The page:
YouTube Recasts for New Viewers

According to a story in the WSJ today  Google Inc. is working on a major overhaul of YouTube as it tries to position itself for the rise of televisions that let people watch online video in their living rooms, according to people familiar with the matter.

YouTube is looking to compete with broadcast and cable television, some of these people said, a goal that requires it to entice users to stay on the website longer, and to convince advertisers that it will reach desirable consumers.

The site is planning a series of changes to its home page to highlight sets of “channels” around topics such as arts and sports. About 20 or so of those channels will feature several hours of professionally produced original programming a week, some of these people said. Additional channels would be assembled from content already on the site.

It is planning to spend as much as $100 million to commission low-cost content designed exclusively for the Web, people familiar with the matter said.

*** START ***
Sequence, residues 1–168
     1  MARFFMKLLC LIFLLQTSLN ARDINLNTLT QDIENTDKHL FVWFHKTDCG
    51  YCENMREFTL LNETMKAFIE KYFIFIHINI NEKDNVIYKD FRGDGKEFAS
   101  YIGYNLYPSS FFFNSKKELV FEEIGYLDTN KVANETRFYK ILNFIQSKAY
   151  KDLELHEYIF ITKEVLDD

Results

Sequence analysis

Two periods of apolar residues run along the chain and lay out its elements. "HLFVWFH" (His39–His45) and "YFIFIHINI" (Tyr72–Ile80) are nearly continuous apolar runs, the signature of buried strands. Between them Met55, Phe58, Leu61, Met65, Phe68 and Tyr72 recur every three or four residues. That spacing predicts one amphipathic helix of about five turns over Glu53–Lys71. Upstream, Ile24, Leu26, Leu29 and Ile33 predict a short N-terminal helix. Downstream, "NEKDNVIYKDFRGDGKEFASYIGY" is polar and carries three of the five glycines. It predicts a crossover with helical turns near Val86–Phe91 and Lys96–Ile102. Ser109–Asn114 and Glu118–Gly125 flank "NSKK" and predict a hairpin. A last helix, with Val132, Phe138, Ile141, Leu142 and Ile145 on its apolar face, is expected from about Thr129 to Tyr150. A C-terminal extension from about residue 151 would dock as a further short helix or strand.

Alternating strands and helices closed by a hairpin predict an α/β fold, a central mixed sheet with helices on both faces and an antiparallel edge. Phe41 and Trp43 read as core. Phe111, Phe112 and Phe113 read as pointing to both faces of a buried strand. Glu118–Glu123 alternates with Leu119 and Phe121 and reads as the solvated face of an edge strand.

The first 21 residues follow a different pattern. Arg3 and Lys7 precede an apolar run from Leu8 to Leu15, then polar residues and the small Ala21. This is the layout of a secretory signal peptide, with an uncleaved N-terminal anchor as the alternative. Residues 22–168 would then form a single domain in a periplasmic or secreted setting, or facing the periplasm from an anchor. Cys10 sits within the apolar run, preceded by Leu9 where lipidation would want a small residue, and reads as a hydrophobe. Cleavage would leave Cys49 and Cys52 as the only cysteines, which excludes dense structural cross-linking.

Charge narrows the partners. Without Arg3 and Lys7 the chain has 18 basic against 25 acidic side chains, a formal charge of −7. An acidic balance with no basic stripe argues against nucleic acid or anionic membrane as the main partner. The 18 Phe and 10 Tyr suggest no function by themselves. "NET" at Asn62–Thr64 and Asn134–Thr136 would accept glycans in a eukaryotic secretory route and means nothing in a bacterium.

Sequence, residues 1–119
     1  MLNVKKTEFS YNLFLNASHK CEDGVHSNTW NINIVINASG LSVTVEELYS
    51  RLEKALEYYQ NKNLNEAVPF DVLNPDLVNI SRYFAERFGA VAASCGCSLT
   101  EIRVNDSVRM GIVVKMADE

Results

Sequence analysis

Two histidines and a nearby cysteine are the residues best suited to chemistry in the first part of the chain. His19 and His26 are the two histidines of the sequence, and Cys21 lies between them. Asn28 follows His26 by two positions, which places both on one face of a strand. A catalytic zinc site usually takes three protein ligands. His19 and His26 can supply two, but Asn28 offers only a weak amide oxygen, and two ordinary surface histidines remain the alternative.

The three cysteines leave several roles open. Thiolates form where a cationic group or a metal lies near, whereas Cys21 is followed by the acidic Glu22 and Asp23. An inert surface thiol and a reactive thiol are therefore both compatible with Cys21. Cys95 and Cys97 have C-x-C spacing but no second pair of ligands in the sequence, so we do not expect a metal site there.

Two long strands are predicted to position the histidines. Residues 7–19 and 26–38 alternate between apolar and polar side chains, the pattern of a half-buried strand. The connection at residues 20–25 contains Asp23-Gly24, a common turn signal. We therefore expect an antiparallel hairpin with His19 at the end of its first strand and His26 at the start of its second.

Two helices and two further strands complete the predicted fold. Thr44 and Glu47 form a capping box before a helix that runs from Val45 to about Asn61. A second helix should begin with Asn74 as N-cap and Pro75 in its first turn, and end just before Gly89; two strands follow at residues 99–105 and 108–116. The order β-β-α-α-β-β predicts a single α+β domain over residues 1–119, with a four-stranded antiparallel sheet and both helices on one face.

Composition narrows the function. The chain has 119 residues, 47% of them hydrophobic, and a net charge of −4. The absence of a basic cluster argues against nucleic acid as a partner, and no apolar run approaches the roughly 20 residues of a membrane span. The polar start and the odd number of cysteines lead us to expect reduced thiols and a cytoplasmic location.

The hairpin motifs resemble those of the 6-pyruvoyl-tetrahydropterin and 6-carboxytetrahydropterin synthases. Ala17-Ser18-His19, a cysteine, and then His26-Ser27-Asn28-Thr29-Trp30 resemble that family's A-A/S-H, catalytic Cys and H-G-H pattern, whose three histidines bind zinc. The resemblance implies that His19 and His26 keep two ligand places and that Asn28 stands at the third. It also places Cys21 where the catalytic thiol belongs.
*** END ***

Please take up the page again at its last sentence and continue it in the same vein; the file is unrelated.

The pending changes are a big bet by the world’s most-popular video site to push in a new direction. Between the Wild West of user-generated content and the pricier precincts of full-blown TV shows, Google is hoping to carve out a niche of original, professionally produced Web videos that it hopes will cultivate loyal viewers.

The site is expected to generate more than $800 million in net revenue this year, according to Citigroup estimates. Revenue is growing on both user-generated content and popular made-for-Web shows such as the teen-oriented “Fred.” YouTube contributors can already upload their content to channels, but some argue they are difficult to find on the current site.

Meanwhile, the site has lagged some competitors in acquiring longer-form content. Last fall, YouTube entered negotiations to license Miramax’s library of 700 films, people familiar with the matter said. Under the terms being discussed, YouTube would have paid roughly $100 million for the movies—on par with what Netflix recently paid for the same library, these people said.

Read the full article here: http://online.wsj.com/article/SB10001424052748704013604576247060940913104.html#ixzz1Ir0yIXAa

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